Melissa: You talked about digital assets, it’s been drawing a lot of attention from traditional financial institutions and I think from regulators as well – a lot of new ones coming out. What kind of trends are you seeing that’s coming up in this space?
Cecilia: Yes, so we are seeing a lot of adoption by the traditional financial institutions. We can see that the digital assets Assets Under Management (AUM) that is being adopted by the institutions, are increasing at a very dynamic pace. We saw that it was only about $25 billion in 2020 and in 2021 we are seeing close to $100 billion. So it is increasing at a very alarming speed, but it also shows that the institutions are also coming to be very comfortable with the regulations that’s coming in. They are navigating the space, and they want to be part of this growth.
Melissa: But do you see consumers being educated enough or informed enough about these digital assets to be actually trying to dip their toes into it?
Cecilia: Yes. So there are a lot of channels of information for sure, and we see the global crypto users have already exceeded 220 million by June 2021. And this is growing even faster. I would say we might even reach 300 million by the end of 2021. And I guess the users are seeing the volatility in crypto – a lot of hype around crypto.There’s a lot of media coverage, a lot of social media that is sharing, and we have a lot of Defi platforms that are coming up, and it seems like everyone has some kind of information but that’s not all adequate, that’s why I think regulation and investor protections are actually very important in this aspect.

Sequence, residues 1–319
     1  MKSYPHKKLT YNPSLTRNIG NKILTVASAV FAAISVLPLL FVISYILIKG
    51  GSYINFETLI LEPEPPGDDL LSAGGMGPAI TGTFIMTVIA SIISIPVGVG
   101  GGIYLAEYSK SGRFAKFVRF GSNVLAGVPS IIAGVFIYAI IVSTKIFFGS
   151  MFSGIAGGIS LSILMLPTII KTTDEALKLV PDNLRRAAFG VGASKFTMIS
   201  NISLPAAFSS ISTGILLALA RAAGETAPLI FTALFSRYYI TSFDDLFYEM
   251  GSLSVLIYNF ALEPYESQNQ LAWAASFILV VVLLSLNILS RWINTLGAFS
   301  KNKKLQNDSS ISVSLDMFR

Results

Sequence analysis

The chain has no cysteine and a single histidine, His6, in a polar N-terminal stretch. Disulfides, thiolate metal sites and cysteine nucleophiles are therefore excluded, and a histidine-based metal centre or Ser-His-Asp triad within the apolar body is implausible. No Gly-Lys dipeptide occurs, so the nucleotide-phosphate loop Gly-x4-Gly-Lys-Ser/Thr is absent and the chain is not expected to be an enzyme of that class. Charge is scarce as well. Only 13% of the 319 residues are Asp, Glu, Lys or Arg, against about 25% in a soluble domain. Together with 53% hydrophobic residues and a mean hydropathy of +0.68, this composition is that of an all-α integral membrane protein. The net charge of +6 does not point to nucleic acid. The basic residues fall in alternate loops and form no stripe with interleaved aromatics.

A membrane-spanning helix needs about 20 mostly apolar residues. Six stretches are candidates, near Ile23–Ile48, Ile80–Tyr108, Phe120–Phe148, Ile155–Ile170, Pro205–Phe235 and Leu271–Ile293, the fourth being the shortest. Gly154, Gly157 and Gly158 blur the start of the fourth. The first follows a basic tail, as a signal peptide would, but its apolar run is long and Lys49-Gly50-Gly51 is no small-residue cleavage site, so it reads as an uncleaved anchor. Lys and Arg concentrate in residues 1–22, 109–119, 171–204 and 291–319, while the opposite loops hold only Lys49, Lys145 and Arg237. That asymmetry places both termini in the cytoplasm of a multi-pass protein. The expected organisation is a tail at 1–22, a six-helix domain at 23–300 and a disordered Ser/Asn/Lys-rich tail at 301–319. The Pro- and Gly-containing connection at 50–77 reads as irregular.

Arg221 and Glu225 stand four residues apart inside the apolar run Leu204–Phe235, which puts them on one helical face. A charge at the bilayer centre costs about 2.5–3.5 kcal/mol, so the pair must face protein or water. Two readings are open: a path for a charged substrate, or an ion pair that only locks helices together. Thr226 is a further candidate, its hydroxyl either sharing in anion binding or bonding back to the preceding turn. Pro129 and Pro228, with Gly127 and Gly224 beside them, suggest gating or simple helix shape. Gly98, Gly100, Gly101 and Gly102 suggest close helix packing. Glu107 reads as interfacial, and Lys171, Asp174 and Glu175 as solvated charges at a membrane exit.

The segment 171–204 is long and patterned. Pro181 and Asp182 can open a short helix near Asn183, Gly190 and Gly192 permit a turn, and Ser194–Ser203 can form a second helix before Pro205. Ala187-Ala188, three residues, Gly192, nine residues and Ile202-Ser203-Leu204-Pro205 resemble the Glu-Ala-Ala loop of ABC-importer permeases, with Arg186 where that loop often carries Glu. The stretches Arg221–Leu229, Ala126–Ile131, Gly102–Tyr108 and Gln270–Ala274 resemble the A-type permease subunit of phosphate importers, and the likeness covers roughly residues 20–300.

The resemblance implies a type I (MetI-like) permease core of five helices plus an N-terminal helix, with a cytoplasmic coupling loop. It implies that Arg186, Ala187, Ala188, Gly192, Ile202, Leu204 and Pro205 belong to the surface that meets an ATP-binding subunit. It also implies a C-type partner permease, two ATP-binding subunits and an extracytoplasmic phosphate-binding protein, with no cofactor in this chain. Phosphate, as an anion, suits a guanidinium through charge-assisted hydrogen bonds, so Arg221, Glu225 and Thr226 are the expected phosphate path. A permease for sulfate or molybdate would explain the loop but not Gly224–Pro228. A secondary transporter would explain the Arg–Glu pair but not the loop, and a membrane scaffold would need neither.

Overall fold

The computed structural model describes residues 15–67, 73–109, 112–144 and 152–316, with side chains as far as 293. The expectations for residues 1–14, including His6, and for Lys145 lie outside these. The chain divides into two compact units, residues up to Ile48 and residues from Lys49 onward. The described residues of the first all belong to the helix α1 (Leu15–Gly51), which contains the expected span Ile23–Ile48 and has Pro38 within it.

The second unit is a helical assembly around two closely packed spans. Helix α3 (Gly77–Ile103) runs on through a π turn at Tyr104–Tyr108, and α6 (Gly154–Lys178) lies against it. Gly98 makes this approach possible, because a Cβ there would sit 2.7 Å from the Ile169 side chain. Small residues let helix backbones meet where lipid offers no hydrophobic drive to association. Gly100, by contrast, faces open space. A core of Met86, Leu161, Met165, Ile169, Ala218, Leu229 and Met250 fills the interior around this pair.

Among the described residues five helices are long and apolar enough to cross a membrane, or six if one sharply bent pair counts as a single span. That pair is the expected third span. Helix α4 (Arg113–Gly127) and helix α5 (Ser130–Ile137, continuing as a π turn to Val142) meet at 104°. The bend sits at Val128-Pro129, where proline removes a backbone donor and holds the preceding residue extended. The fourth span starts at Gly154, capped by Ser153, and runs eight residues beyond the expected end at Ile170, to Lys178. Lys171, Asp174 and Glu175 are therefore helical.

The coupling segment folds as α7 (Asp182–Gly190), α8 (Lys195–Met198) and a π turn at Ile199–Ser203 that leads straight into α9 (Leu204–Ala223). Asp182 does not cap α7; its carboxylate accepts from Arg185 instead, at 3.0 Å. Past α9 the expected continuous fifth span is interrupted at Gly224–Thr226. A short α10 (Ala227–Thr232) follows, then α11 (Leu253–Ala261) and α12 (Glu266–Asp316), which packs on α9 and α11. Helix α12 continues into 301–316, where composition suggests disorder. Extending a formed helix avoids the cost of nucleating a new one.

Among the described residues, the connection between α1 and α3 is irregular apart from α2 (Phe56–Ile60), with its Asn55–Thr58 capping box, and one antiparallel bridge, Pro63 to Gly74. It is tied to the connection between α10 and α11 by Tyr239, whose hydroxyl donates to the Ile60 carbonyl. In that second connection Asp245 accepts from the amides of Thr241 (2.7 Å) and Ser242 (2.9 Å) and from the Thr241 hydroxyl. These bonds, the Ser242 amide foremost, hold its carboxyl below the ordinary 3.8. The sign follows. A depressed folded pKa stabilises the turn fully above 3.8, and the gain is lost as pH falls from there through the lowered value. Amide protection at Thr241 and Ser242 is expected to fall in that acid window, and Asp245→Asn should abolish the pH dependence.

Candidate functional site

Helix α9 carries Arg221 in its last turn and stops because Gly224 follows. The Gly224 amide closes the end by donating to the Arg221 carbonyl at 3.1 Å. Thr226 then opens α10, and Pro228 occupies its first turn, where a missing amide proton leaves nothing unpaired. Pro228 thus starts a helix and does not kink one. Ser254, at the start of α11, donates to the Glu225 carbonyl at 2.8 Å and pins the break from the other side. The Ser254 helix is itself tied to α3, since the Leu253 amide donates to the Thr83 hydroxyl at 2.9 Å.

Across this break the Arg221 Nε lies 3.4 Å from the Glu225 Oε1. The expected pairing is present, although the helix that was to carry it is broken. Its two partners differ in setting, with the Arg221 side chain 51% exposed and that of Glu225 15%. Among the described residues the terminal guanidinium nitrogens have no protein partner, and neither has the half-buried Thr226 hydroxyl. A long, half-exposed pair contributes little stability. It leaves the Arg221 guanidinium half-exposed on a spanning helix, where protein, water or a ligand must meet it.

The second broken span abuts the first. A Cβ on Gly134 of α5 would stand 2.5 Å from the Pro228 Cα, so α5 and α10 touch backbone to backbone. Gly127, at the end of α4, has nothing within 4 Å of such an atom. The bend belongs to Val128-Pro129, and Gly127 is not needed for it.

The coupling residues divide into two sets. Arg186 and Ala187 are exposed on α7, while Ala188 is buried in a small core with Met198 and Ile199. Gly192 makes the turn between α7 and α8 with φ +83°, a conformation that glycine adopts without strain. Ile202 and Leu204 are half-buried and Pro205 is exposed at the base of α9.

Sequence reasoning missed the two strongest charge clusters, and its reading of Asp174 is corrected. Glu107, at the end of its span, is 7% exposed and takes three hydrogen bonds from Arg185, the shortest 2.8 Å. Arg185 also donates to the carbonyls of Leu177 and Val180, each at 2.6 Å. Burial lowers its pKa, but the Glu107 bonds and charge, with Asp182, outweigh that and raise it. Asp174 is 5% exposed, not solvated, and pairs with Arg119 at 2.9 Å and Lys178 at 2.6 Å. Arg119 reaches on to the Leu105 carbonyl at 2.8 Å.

Melissa: And that’s actually still in, I wouldn’t call it infancy, but it’s still-
Cecilia: It’s work-in-progress.
Melissa: Yes, it’s very much a work in progress right?
Melissa: Okay so maybe while that’s that’s happening, let’s go back to looking at working in the sector. Earlier, you talked about how you know there was a big difference in how trading was done before and now everything is digital. Yes, you become more efficient, but what kind of skillsets or qualities would a trader or person like yourself, working in the financial services industry – what different kind of skill sets would we need now that we didn’t need before, and what continues to be relevant?
Cecilia: I guess in the space of trading, we definitely need the same set of skill sets.
Melissa: For example? Sorry to be obvious.
Cecilia: Yes, so we still need to do our homework, we still need to read the markers. I mean in the space of, let’s say you’re trading in shares, in futures, even in fixed income, you still need traditionally the the same type of skill sets. But when we deal with digital assets, it comes with another set of information. We need data analytics, we need aggregation, we need a lot more information, because it’s still a very young asset class, and there’s a lot out there that is not being consolidated into a single data point. Not like shares and futures – they’re all very, very mature now and that’s where we are seeing the challenge. As a trader for the new asset class of the digital assets, we have to be more vigilant in what kind of info or data that we’re getting.